The National Academy of Engineering’s Grand Challenges address some of the most societally significant issues that we face as a nation and a global community in the 21st century. They were defined through an envisioning process by some of this generation’s leading technological thinkers and doers, with input ranging from the general public to engineering societies. They have drawn considerable interest, including being developed into the NAE Grand Challenge Scholars Program (GCSP) in use at more than a dozen universities across the county. However there also have been critiques of the NAE Grand Challenges by members of several ASEE divisions, including LEES, Engineering Ethics, and Community Engagement, who argue that there is a need to better address their societal dimensions.
This panel will discuss ways the GCSP currently addresses societal dimensions in their curricula and how those activities might be enhanced. The panelists will engage in a broad assessment of current and future work. Attendees will be invited to participate in the discussion to help identify the broader set of societal factors that could inform the GCSP and to explore how the NAE Grand Challenges could be used to explore ethics and societal considerations in engineering education.
Session organized by Frazier F. Benya (National Academy of Engineering) and Atsushi Akera (Rensselaer Polytechnic Institute)
B.S. in Electrical Engineering from Southern Methodist University. D.Sc. in Engineering & Policy from Washington University in St. Louis. Lincoln Associate Professor of Ethics and Technology, School of Letters & Sciences and the Consortium for Science, Policy & Outcomes, Arizona State University. He is co-editor of The Growing Gap Between Emerging Technologies and Legal-Ethical Oversight: the Pacing Problem (Springer, 2011), editor of Social, Ethical and Policy Implications of Engineering: Selected Readings (Wiley/IEEE Press, 2000) and has published numerous articles on engineering ethics and societal implications of technology in engineering, law, social science, and applied ethics journals. He previously served as editor of IEEE Technology & Society and an associate editor of Engineering Studies. He is a Distinguished Life Member of the Executive Board of the National Institute for Engineering Ethics, a former Chair of the Liberal Education/Engineering and Society Division of the American Society for Engineering Education, and a former President of the IEEE Society on Social Implications of Technology.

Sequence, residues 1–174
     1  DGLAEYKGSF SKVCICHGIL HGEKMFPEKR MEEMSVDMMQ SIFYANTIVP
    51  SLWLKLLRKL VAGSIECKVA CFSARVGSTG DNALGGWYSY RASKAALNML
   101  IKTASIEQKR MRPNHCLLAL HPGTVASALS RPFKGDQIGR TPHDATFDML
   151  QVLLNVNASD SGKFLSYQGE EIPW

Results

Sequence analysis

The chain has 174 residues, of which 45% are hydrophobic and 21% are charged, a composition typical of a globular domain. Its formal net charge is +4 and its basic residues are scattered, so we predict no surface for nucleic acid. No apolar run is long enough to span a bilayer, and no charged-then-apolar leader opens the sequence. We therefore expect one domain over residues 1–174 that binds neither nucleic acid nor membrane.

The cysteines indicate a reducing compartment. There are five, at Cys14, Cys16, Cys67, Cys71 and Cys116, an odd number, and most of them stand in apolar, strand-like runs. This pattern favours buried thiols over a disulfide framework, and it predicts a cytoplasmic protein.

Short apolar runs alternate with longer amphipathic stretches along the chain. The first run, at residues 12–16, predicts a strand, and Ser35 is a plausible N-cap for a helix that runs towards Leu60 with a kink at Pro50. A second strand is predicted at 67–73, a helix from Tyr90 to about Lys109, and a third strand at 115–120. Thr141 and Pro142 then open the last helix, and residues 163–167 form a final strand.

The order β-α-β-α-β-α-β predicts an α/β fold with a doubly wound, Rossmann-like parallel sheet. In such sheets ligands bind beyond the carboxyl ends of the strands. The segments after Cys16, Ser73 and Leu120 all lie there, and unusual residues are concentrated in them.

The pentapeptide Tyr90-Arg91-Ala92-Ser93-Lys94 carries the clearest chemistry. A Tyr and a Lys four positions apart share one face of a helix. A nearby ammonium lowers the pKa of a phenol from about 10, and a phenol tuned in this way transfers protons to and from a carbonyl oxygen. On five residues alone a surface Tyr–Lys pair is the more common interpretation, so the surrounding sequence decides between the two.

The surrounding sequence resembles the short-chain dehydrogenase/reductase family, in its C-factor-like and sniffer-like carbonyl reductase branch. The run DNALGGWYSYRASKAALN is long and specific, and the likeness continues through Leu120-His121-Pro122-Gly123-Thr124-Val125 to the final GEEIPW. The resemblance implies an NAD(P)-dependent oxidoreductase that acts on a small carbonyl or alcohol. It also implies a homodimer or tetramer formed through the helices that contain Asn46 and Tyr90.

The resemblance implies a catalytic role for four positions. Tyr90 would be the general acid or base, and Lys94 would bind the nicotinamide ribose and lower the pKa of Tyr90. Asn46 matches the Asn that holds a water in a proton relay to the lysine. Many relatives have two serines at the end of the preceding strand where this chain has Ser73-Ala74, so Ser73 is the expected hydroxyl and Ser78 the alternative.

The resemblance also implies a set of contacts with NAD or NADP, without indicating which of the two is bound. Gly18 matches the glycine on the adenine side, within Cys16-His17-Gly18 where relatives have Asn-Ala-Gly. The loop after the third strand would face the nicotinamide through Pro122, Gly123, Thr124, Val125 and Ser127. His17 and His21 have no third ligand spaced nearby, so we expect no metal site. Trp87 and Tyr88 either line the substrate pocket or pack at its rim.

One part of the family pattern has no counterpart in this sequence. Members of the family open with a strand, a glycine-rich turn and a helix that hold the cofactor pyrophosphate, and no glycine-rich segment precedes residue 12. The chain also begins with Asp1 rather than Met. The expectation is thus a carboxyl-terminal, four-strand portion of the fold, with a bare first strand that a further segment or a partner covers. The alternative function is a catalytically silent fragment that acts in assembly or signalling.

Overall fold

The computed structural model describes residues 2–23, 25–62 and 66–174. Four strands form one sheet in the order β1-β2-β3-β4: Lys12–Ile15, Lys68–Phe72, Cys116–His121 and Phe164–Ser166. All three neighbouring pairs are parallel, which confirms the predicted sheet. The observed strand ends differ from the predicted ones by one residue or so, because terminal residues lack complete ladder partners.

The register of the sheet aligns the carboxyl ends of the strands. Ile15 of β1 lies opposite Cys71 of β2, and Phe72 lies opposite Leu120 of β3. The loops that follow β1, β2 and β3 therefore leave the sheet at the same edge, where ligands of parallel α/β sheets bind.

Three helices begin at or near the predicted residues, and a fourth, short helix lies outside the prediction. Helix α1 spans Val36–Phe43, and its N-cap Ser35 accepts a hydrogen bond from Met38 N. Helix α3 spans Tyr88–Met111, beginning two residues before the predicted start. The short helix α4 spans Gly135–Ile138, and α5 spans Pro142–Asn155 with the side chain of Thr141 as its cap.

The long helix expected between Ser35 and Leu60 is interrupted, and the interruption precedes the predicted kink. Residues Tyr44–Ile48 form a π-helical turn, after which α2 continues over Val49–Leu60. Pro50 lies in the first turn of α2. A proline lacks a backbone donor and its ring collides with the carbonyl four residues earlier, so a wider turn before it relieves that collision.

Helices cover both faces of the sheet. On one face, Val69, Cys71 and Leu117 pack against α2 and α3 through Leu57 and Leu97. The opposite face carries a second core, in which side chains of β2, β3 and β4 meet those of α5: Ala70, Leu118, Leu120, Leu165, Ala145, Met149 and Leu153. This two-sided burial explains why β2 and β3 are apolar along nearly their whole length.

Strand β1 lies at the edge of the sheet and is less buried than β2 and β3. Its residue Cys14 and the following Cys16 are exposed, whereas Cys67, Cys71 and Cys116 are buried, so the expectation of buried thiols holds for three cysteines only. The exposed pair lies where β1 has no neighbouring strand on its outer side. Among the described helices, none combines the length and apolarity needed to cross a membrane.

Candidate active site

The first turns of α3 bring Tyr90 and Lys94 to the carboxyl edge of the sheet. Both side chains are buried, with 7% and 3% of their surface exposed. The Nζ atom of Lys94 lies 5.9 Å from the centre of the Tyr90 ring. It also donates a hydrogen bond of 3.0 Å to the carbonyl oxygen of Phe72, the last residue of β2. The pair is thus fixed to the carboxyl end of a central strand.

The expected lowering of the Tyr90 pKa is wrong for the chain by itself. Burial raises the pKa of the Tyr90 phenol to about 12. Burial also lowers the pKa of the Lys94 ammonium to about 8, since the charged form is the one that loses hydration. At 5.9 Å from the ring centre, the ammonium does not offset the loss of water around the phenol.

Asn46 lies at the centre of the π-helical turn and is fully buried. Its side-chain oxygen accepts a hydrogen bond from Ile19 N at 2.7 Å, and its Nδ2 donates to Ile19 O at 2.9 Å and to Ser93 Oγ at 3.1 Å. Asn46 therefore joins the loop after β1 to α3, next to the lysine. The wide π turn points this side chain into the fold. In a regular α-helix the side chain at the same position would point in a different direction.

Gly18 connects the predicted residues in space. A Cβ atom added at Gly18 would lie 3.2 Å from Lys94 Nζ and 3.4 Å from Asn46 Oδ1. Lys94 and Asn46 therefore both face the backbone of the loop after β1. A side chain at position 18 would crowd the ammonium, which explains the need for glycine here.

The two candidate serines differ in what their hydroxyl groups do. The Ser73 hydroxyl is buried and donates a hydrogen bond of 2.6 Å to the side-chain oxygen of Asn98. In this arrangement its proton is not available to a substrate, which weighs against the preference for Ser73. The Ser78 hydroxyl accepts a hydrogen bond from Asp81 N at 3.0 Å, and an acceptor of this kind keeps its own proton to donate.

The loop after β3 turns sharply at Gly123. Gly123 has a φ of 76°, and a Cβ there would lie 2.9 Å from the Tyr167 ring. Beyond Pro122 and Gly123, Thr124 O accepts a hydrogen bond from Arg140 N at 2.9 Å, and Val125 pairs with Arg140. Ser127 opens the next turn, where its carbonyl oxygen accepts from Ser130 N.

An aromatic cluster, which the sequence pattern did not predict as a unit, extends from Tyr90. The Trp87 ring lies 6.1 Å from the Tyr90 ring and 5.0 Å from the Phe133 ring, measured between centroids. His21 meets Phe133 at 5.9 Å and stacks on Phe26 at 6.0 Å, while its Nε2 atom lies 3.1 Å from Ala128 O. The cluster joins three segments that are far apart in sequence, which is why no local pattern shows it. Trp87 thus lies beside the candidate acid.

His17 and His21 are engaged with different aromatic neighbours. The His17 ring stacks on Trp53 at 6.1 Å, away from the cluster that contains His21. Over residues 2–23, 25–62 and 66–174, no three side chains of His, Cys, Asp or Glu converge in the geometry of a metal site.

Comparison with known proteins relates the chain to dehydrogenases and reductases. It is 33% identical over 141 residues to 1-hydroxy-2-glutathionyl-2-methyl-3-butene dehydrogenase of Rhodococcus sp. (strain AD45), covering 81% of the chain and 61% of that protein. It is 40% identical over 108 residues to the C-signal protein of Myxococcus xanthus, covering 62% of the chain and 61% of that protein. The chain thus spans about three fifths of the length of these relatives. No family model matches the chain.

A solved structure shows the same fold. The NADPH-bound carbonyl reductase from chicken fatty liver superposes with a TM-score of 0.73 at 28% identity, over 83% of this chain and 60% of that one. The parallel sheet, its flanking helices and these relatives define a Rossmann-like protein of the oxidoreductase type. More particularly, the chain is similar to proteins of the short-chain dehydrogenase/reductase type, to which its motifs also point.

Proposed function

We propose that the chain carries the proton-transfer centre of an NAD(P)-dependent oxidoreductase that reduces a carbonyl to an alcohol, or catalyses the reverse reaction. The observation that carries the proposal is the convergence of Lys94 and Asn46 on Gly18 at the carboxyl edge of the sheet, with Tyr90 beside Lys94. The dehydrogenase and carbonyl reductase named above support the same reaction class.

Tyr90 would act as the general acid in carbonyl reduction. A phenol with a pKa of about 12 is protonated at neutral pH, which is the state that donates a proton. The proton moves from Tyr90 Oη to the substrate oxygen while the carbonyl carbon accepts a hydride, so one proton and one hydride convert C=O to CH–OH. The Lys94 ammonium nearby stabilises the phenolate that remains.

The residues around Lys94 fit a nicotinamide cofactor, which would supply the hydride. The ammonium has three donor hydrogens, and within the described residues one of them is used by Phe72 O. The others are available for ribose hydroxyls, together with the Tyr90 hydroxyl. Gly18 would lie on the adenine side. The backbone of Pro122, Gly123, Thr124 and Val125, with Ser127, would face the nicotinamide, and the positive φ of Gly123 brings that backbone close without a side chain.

Dr. Jenna Carpenter is Associate Dean for Undergraduate Studies in the College of Engineering and Science at Louisiana Tech University. She also directs the Office for Women in Science and Engineering. Her research focuses on improving the climate and success for women in engineering and science. She is Chair of the National Academy of Engineering Grand Challenge Scholars Program National Steering Committee. She is President-Elect for the Women in Engineering ProActive Network (WEPAN). She served as Vice President for Professional Interest Councils on the Board of Directors for the American Society for Engineering Education (ASEE). Dr. Carpenter actively advises and speaks on diversity, mentoring, and professional development for a variety of programs and organizations at the national and state levels, encompassing K-12, collegiate, academic, and corporate audiences.
Donna Riley's research spans disciplinary boundaries, integrating science and technology studies, ethics, and education with engineering, striving to make engineering education and practice more socially just.
In 2005, she received an NSF CAREER award on implementing and assessing critical and feminist pedagogues in engineering classrooms. She followed this with a second NSF award focused on strategies for propagating transformative findings from engineering education research among engineering educators. Riley’s books include Engineering and Social Justice(Morgan and Claypool, 2008) and Engineering Thermodynamics and 21st Century Energy Problems (Morgan and Claypool, 2011).
She is the 2012 recipient of the Sterling Olmsted Award from the American Society of Engineering Education honoring “distinguished contributions to the development and teaching of liberal arts in engineering education.” In 2010, she received the GLBT Educator of the Year Award from the National Organization of Gay and Lesbian Scientists and Technical Professionals. In 2013, her thermodynamics students swept the awards in the National Academy of Engineering's Energy Ethics Video Challenge, winning Best Video and four of four Best in Theme Awards.
Riley holds a B.S.E. in Chemical Engineering from Princeton University and a Ph.D. in Engineering and Public Policy from Carnegie Mellon University.
Thomas C. Katsouleas, Ph.D., became dean of Duke University’s Pratt School of Engineering in July 2008. He also serves as Professor of Electrical and Computing Engineering. He earned a Ph.D. in physics and B.S. in physics, both from UCLA in 1979 and 1984, respectively. He continued at UCLA where he served for seven years on the faculty. Katsouleas’ primary research interest is in the use of plasmas as novel particle accelerators and light sources. He joined the University of Southern California faculty as an associate professor of electrical engineering in 1991, becoming full professor in 1997. There he also served as an Associate Dean of Engineering and Vice Provost of Information Technology Services.